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Featured Blu-ray / DVD Review: At the Devil's Door

December 14th, 2014

At the Devil's Door - Buy from Amazon: DVD or Blu-ray

At the Devil's Door is the third and final horror / thriller I'll be reviewing this weekend. It earned the best reviews of those three films, but that's not saying much. Am I finally going to enjoy one of these movies? Or will horror / thriller go zero for three this weekend?

The Movie

The film begins with a voice-over about the mark of the beast, which is 616 according to the oldest known copy of the Bible. We then see a girl in bed with her new boyfriend, who wants to take her to his uncle. If she plays a game, she can win $500. She's hesitant, but agrees to go with him. Once there she plays the shell game, but even when she tries to lose, she still finds the prize. He then tells her to go to the crossroads and say her name, so he'll know what to call her when he comes for her. That night, she hears a noise coming from her wardrobe and then an unseen force picks her up and throws her around the room.

The next person we meet is Leigh, a real estate agent, and her sister, Vera, who is a struggling artist. Leigh is buying some artwork off of Vera, but gets a call to look at a house. While she's checking it out, she sees the girl there, but when she tries to talk to the girl, the girl runs away. Next we see her talking to the people selling the home, Chuck and Royanna, she mentions seeing their daughter. According to them, Charlene ran away with her boyfriend months ago. After a flashback to the girl just before she "ran away" and a moody stormy night, Leigh goes to check out the house again. She again meets the girl. She convinces her to not run away and calls Chuck... only Chuck says the police found Charlene. So who is the girl? That's too much into spoiler territory to get into.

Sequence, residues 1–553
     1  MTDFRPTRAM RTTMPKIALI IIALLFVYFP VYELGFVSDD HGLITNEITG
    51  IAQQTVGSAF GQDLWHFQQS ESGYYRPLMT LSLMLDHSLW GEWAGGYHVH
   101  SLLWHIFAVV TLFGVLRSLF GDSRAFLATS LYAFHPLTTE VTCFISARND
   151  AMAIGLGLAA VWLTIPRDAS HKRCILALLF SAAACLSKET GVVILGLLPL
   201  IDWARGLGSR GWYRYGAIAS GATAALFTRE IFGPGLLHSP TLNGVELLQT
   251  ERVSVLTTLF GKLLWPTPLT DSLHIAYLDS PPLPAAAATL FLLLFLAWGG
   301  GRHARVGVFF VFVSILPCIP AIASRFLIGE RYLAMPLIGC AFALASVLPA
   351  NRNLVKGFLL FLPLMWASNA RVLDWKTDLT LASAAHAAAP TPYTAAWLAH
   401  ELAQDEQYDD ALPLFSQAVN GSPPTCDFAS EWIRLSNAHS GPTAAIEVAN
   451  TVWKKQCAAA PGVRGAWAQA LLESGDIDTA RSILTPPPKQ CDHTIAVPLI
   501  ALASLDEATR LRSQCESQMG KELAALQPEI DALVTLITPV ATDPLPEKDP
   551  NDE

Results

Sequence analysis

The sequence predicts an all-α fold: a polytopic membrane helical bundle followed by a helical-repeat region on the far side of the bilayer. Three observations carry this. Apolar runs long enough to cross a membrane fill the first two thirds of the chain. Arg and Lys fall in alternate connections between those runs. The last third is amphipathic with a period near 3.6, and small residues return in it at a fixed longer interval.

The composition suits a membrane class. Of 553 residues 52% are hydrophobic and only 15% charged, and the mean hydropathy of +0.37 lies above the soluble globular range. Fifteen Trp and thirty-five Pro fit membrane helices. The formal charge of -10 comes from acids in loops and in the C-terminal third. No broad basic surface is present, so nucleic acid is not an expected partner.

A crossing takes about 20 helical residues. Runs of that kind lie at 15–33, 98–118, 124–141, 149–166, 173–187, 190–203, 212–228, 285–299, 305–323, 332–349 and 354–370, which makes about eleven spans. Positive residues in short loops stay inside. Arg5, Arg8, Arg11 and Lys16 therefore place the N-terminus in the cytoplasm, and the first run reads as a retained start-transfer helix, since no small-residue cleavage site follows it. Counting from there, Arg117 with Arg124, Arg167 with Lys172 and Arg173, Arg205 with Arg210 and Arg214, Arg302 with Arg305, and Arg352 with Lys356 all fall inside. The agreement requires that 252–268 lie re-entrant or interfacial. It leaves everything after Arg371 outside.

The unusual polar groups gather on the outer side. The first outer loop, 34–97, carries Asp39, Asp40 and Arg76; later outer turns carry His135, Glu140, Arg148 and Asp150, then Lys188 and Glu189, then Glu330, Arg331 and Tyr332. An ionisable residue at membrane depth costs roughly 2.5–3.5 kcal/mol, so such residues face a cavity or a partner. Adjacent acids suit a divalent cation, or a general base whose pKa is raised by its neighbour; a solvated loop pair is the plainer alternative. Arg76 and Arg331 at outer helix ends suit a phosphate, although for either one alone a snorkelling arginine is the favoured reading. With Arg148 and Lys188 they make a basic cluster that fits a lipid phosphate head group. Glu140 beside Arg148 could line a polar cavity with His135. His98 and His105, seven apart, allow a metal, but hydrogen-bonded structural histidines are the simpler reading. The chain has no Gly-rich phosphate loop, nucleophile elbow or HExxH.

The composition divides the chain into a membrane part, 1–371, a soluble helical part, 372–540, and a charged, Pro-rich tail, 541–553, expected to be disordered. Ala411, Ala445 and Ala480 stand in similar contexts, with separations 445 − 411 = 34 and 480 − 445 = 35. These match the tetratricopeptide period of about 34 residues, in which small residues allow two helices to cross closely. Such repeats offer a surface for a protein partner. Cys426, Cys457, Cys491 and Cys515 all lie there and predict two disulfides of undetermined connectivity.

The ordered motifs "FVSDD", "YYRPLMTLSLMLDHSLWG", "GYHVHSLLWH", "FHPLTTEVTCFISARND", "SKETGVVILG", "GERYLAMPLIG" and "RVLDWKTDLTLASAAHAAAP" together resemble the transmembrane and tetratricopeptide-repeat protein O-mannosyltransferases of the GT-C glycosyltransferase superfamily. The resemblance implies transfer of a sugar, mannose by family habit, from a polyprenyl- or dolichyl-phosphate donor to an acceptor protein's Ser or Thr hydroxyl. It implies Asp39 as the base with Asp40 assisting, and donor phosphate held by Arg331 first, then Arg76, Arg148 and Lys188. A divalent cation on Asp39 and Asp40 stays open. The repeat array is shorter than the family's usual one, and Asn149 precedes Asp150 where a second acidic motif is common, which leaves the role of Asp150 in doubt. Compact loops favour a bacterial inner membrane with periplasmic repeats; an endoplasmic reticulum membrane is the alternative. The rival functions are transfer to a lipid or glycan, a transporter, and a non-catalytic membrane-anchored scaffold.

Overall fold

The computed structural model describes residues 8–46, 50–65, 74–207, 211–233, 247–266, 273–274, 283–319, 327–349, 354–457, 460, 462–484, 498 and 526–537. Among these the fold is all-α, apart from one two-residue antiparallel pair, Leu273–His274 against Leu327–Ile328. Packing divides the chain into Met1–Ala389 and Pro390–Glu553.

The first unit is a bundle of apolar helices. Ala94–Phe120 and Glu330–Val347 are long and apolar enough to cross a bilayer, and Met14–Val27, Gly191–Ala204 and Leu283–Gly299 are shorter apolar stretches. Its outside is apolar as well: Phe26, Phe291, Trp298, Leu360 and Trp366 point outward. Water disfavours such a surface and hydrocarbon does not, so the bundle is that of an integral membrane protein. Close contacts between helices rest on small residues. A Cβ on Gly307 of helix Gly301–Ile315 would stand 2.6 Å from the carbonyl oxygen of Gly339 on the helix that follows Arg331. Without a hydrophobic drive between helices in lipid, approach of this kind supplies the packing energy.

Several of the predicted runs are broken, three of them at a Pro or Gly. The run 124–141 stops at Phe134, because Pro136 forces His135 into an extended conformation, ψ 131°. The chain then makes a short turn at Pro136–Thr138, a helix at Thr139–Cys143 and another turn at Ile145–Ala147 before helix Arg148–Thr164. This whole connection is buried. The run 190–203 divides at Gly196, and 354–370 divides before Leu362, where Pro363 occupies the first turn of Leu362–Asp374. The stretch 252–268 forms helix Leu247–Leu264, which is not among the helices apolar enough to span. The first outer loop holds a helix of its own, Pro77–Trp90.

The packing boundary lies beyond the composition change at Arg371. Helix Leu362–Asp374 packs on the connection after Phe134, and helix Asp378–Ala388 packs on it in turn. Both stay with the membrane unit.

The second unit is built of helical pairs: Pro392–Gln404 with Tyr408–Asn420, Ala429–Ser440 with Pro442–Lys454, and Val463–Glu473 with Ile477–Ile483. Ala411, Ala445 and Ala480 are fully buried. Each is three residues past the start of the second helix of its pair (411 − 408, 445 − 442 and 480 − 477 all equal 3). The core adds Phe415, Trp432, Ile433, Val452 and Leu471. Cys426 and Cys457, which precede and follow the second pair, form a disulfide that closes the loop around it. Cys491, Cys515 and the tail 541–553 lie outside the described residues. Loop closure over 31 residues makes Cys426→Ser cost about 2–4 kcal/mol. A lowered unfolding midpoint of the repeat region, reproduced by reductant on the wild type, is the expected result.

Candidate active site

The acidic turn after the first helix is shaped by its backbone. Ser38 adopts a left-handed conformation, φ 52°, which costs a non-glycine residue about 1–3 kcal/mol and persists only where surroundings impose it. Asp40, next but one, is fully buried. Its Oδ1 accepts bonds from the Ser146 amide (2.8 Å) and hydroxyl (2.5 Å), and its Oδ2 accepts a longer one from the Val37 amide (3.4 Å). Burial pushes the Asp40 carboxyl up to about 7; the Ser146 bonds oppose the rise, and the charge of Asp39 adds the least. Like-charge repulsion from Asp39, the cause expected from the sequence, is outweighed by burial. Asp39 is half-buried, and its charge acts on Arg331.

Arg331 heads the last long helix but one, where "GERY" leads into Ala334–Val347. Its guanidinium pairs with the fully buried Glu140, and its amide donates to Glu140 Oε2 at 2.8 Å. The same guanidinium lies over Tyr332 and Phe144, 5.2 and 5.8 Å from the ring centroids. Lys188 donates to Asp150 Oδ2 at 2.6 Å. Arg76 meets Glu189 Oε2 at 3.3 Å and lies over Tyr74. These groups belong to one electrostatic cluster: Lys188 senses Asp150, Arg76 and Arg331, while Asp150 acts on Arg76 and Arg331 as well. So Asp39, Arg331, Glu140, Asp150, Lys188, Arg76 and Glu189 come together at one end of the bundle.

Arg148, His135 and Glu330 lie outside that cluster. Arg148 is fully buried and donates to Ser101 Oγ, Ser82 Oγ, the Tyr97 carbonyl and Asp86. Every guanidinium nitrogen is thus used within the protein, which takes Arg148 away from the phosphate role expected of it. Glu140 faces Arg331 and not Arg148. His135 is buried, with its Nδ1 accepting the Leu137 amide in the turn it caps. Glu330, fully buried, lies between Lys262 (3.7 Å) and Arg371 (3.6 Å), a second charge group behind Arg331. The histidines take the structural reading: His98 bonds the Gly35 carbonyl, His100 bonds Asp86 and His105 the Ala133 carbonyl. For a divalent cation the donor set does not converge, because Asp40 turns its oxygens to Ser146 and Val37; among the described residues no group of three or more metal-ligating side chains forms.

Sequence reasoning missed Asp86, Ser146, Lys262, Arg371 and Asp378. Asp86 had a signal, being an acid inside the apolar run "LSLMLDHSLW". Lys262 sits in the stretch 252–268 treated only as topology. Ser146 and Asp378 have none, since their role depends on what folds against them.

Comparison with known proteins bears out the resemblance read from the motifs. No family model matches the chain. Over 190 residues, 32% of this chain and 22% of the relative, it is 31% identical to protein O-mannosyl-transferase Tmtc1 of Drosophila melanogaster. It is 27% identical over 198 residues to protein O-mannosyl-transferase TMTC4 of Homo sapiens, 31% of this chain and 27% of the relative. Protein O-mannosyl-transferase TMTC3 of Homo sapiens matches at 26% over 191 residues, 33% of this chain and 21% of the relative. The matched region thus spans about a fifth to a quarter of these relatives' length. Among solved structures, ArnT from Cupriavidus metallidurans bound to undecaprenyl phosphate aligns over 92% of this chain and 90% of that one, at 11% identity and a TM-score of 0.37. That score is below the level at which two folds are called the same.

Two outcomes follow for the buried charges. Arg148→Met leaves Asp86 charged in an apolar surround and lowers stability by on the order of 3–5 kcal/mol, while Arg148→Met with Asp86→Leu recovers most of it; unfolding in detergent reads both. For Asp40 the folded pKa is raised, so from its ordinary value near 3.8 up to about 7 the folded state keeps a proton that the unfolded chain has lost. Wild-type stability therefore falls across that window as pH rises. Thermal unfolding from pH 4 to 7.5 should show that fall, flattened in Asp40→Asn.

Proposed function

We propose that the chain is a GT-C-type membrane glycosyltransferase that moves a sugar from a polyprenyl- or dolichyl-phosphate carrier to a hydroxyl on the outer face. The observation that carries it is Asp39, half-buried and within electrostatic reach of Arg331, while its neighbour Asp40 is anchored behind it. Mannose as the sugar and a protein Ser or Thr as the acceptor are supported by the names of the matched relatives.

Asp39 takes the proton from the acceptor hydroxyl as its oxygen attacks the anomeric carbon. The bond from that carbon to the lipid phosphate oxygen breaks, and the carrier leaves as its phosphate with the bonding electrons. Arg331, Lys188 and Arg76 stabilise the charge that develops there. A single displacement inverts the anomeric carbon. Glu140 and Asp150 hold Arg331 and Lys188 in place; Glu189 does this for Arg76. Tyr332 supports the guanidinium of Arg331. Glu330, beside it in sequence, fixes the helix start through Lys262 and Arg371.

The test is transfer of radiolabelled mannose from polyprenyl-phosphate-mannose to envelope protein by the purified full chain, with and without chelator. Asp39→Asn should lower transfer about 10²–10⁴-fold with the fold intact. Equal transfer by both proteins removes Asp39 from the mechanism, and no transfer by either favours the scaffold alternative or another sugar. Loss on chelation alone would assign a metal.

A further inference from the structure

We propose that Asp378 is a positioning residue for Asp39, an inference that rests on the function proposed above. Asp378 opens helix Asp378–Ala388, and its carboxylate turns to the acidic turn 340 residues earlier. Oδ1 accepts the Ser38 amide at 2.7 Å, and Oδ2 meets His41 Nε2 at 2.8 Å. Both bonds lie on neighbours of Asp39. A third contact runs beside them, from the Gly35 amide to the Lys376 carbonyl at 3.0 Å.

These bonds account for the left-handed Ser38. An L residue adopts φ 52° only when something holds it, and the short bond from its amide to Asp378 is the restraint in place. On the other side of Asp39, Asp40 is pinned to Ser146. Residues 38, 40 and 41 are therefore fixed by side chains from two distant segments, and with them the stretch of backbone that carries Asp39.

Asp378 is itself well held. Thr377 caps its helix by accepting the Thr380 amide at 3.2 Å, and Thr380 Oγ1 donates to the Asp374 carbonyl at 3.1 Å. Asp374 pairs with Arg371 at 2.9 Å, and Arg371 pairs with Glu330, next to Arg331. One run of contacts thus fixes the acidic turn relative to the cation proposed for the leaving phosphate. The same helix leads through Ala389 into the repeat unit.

At the Devil's Door could have been either a really good 30-minute movie, or at the very least there is enough material here for a really good first act of a feature-length movie. What we don't have is a really good feature-length movie. The writer / director Nicholas McCarthy does a great job creating a moody atmosphere and the three lead actresses are all amazing. Ashley Rickards, Catalina Sandino Moreno, and Naya Rivera help elevate the material. However, the story never meshes into a cohesive whole. It needed something more to build up to.

The Extras

Extras include an audio commentary track, deleted scenes with optional audio commentary, and an 18-minute long making of featurette. That's better than a lot of similar releases.

I don't have the Blu-ray to compare, but it only costs $10, which is $10 or 50% less than the DVD. That's a great deal.

The Verdict

At the Devil's Door is frustratingly close to a good movie. There are many parts that are effective and none of it is truly bad. The extras on the DVD or Blu-ray are strong enough that it is worth a rental, if you like the genre and / or cast. I do look forward to seeing what Nicholas McCarthy can come up with next.

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Filed under: Video Review, At the Devil’s Door, Michael Massee, Catalina Sandino Moreno, Daniel Roebuck, Naya Rivera, Nicholas McCarthy, Ashley Rickards, Jan Broberg